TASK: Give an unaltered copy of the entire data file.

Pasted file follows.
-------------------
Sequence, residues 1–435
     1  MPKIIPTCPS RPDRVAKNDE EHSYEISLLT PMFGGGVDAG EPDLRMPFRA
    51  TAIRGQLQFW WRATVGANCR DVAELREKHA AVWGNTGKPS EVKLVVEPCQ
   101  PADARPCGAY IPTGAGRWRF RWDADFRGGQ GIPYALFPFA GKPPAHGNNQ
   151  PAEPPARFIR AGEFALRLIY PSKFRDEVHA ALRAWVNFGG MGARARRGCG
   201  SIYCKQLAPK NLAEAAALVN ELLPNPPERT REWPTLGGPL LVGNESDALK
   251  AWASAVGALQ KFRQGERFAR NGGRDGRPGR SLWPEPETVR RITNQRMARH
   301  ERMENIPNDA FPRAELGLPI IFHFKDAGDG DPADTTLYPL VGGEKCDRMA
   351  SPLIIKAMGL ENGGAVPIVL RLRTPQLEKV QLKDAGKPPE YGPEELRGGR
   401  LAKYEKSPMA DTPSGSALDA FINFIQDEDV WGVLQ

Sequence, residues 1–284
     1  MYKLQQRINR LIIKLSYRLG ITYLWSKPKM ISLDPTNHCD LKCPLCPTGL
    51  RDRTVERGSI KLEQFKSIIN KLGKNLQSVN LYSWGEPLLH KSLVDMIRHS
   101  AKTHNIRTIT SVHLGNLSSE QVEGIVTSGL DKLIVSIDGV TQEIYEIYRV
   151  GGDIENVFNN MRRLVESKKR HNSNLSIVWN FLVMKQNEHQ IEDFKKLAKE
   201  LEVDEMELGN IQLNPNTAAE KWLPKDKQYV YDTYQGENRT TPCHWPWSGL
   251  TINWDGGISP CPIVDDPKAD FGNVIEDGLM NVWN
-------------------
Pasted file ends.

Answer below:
Sequence, residues 1–435
     1  MPKIIPTCPS RPDRVAKNDE EHSYEISLLT PMFGGGVDAG EPDLRMPFRA
    51  TAIRGQLQFW WRATVGANCR DVAELREKHA AVWGNTGKPS EVKLVVEPCQ
   101  PADARPCGAY IPTGAGRWRF RWDADFRGGQ GIPYALFPFA GKPPAHGNNQ
   151  PAEPPARFIR AGEFALRLIY PSKFRDEVHA ALRAWVNFGG MGARARRGCG
   201  SIYCKQLAPK NLAEAAALVN ELLPNPPERT REWPTLGGPL LVGNESDALK
   251  AWASAVGALQ KFRQGERFAR NGGRDGRPGR SLWPEPETVR RITNQRMARH
   301  ERMENIPNDA FPRAELGLPI IFHFKDAGDG DPADTTLYPL VGGEKCDRMA
   351  SPLIIKAMGL ENGGAVPIVL RLRTPQLEKV QLKDAGKPPE YGPEELRGGR
   401  LAKYEKSPMA DTPSGSALDA FINFIQDEDV WGVLQ

Sequence, residues 1–284
     1  MYKLQQRINR LIIKLSYRLG ITYLWSKPKM ISLDPTNHCD LKCPLCPTGL
    51  RDRTVERGSI KLEQFKSIIN KLGKNLQSVN LYSWGEPLLH KSLVDMIRHS
   101  AKTHNIRTIT SVHLGNLSSE QVEGIVTSGL DKLIVSIDGV TQEIYEIYRV
   151  GGDIENVFNN MRRLVESKKR HNSNLSIVWN FLVMKQNEHQ IEDFKKLAKE
   201  LEVDEMELGN IQLNPNTAAE KWLPKDKQYV YDTYQGENRT TPCHWPWSGL
   251  TINWDGGISP CPIVDDPKAD FGNVIEDGLM NVWN